Demise in this context is commercial real estate legal jargon for a lease or an area that is leased. Like lease, it appears that demise is also used as a verb and a participle adjective.
Here’s some wording from The fundamentals of commercial leasing:
The first issue to be determined in any lease is what is being
demised. The demise is the area of the building or facility
designated for the exclusive use of the tenant... Licensed areas may
also be included in the lease alongside the demised areas... While
“demising” the whole or part of a property gives the tenant exclusive possession, landlords usually reserve the right to enter the
premises for various purposes...
Source: The Free Library —
The fundamentals of commercial leasing.
The British National Corpus returns results for the demise from Drafting business leases by Kim Lewison (1985-1994). (Click to expand examples and see items 43 to 66. Also see BNC results for demised.)
Here are a few excerpts showing usage:
45: If the draftsman wishes to create a lease for a period that can
not be made certain at the time of the demise the only way is to
express it as being granted for a fixed term subject to a power to
break at the expiry of the period.
50: It is, however, established that the demise of one floor of a
building extends at least as far as the underside of the joists
supporting the floor above it... The ordinary expectation is that the
tenant will be entitled to occupy all that space between the floor of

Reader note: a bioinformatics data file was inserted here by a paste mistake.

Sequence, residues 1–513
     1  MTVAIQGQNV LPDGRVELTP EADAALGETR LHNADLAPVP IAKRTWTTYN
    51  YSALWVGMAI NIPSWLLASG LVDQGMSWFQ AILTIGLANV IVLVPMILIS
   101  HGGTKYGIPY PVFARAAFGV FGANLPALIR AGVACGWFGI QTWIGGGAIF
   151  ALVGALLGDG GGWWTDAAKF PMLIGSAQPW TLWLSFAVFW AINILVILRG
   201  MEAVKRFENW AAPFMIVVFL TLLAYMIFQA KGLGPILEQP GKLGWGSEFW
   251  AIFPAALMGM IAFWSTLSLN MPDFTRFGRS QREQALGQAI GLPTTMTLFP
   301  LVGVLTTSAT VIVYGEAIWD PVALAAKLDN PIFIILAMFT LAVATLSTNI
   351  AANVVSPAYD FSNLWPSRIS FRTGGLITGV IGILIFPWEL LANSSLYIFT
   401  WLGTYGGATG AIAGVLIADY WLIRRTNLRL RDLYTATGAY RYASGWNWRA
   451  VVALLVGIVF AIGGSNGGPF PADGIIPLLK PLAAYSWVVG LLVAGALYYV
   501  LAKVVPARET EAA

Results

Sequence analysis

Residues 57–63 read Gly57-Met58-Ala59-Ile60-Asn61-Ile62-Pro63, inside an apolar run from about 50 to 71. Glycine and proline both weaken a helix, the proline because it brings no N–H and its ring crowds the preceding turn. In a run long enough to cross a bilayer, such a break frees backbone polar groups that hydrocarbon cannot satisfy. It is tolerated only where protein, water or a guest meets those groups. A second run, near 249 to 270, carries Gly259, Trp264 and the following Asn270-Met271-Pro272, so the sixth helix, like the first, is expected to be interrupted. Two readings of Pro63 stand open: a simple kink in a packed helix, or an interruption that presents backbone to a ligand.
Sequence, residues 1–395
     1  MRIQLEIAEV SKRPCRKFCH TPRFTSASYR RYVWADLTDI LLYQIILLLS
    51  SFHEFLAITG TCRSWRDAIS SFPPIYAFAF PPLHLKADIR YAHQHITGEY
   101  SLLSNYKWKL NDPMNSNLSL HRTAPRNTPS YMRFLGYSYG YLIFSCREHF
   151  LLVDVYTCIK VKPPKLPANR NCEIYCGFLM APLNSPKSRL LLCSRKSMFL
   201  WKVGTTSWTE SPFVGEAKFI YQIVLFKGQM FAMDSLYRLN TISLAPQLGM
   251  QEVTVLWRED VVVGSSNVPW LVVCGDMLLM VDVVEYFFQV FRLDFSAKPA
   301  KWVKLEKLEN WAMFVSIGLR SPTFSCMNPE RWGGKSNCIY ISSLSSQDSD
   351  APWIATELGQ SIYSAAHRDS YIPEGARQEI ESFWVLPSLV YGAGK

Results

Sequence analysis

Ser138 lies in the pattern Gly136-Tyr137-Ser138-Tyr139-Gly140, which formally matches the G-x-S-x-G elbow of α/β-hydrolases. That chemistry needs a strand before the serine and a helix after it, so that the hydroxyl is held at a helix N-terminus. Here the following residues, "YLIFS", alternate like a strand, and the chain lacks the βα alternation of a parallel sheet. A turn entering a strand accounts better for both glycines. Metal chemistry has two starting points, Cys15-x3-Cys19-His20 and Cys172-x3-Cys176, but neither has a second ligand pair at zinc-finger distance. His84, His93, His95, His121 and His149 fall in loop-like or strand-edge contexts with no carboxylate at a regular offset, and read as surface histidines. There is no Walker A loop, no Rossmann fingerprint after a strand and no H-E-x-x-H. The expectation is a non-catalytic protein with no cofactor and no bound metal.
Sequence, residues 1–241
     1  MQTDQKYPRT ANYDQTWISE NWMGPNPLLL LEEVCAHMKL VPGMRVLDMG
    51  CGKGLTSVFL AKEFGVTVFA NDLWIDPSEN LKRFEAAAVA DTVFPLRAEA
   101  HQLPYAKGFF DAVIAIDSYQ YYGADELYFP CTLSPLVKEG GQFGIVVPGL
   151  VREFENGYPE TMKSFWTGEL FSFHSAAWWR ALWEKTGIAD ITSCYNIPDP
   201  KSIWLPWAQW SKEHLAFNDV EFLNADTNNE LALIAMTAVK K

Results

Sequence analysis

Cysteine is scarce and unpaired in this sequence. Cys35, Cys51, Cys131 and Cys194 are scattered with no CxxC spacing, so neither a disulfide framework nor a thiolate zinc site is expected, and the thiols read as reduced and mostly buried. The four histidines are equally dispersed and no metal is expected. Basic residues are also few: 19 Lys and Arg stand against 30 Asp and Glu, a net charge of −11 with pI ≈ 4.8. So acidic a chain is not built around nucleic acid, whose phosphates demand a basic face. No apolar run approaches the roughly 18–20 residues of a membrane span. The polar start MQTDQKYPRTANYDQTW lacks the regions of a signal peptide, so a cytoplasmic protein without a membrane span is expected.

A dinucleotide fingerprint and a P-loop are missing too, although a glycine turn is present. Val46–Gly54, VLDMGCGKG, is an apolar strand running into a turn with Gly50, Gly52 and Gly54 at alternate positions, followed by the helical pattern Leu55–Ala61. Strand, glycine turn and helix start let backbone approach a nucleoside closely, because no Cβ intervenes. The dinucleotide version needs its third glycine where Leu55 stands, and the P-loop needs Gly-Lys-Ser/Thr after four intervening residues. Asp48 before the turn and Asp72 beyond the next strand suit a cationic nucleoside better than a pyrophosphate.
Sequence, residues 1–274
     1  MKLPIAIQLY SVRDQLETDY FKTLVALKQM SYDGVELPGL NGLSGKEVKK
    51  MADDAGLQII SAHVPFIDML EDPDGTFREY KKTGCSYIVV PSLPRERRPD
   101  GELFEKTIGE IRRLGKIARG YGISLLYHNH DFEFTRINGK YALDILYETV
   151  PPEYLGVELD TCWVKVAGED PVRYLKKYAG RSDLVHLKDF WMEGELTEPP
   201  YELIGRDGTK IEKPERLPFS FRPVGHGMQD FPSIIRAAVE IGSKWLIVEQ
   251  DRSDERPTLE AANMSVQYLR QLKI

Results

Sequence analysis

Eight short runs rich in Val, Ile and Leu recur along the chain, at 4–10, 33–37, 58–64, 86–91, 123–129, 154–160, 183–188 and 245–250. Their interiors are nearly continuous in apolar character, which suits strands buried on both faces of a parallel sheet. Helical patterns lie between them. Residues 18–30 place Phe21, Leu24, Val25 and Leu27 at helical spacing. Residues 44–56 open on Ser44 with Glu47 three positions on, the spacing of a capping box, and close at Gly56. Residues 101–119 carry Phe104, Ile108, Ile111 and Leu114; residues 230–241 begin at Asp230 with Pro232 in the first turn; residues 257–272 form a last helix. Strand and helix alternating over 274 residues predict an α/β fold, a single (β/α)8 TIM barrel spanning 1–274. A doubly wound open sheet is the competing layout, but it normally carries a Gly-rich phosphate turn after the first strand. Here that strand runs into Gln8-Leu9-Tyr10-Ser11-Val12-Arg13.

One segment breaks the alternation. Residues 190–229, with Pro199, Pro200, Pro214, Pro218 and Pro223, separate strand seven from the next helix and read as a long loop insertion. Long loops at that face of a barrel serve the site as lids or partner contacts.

his demise and the underside of the floor above... So the demise of a flat or a particular floor of a building will include a roof
space accessible only from that flat where there is no reservation to
the landlord... However, a demise of a “suite of rooms” on the top
floor of a building will not include the common roof...
54: Where the demise includes the whole of a building (or the top
floor) the draftsman may therefore wish to consider whether the
airspace above the building should be excluded from the demise.
61: The draftsman should therefore consider whether the landlord
should have the right to enter the demise for other purposes...
I’m not so sure your examples are being used in the way that you think they are — that is, to mean “within the boundary of” and unrelated to property leasing; I can easily imagine these to fall in line with the definitions of lease or an area that is leased:
We are seeking construction drawings for the structure within the demise of the site. —> We are seeking construction drawings for the
structure within the leased area of the site.
Those services do not belong to the demise of the building. —> Those utilities are not included in the lease [or leased area] of the building.